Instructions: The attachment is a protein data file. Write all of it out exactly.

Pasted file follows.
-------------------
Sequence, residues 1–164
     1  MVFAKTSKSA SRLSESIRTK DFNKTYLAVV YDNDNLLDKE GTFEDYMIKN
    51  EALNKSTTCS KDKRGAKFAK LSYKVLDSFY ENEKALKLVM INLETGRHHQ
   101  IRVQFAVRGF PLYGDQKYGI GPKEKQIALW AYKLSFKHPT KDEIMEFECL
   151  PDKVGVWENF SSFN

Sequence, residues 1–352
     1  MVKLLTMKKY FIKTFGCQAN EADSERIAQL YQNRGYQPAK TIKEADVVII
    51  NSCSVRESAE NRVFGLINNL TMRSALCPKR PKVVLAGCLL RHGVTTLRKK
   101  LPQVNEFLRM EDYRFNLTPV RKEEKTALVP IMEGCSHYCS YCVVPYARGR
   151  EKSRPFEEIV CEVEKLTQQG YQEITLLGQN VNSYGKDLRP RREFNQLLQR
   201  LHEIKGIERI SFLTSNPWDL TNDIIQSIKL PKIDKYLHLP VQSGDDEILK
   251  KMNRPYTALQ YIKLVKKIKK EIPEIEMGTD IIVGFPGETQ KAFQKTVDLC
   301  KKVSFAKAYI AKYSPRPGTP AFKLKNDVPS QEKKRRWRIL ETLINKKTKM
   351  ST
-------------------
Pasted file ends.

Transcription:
Sequence, residues 1–164
     1  MVFAKTSKSA SRLSESIRTK DFNKTYLAVV YDNDNLLDKE GTFEDYMIKN
    51  EALNKSTTCS KDKRGAKFAK LSYKVLDSFY ENEKALKLVM INLETGRHHQ
   101  IRVQFAVRGF PLYGDQKYGI GPKEKQIALW AYKLSFKHPT KDEIMEFECL
   151  PDKVGVWENF SSFN

Sequence, residues 1–352
     1  MVKLLTMKKY FIKTFGCQAN EADSERIAQL YQNRGYQPAK TIKEADVVII
    51  NSCSVRESAE NRVFGLINNL TMRSALCPKR PKVVLAGCLL RHGVTTLRKK
   101  LPQVNEFLRM EDYRFNLTPV RKEEKTALVP IMEGCSHYCS YCVVPYARGR
   151  EKSRPFEEIV CEVEKLTQQG YQEITLLGQN VNSYGKDLRP RREFNQLLQR
   201  LHEIKGIERI SFLTSNPWDL TNDIIQSIKL PKIDKYLHLP VQSGDDEILK
   251  KMNRPYTALQ YIKLVKKIKK EIPEIEMGTD IIVGFPGETQ KAFQKTVDLC
   301  KKVSFAKAYI AKYSPRPGTP AFKLKNDVPS QEKKRRWRIL ETLINKKTKM
   351  ST